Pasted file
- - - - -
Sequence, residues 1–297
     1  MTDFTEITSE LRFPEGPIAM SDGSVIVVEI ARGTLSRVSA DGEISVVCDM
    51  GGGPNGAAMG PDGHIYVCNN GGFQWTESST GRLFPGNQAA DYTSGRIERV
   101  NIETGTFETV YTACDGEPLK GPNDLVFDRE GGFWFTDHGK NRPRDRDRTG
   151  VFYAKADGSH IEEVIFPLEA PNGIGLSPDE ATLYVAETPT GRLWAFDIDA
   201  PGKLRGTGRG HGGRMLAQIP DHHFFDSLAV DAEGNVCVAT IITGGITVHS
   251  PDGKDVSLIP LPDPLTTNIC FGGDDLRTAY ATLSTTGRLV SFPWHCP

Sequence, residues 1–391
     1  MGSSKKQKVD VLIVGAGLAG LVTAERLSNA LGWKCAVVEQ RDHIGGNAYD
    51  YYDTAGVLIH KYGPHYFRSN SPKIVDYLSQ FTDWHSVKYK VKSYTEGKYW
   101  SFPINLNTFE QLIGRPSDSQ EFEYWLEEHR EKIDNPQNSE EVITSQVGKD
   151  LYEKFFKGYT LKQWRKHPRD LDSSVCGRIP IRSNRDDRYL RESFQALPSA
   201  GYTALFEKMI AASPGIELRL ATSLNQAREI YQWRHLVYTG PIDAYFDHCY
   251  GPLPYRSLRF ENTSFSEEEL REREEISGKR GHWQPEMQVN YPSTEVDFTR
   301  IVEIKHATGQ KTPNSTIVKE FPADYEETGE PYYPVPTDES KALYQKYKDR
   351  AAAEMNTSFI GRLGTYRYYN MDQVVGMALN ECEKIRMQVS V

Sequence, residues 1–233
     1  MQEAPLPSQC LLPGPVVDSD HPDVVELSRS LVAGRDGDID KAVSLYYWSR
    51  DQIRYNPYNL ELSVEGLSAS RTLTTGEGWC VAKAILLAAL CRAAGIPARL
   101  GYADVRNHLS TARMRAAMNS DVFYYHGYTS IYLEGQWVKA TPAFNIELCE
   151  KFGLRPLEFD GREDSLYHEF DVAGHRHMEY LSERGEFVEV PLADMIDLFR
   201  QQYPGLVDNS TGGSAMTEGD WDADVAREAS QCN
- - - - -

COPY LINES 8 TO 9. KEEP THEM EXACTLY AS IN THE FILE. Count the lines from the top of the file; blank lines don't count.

Sequence, residues 1–391
     1  MGSSKKQKVD VLIVGAGLAG LVTAERLSNA LGWKCAVVEQ RDHIGGNAYD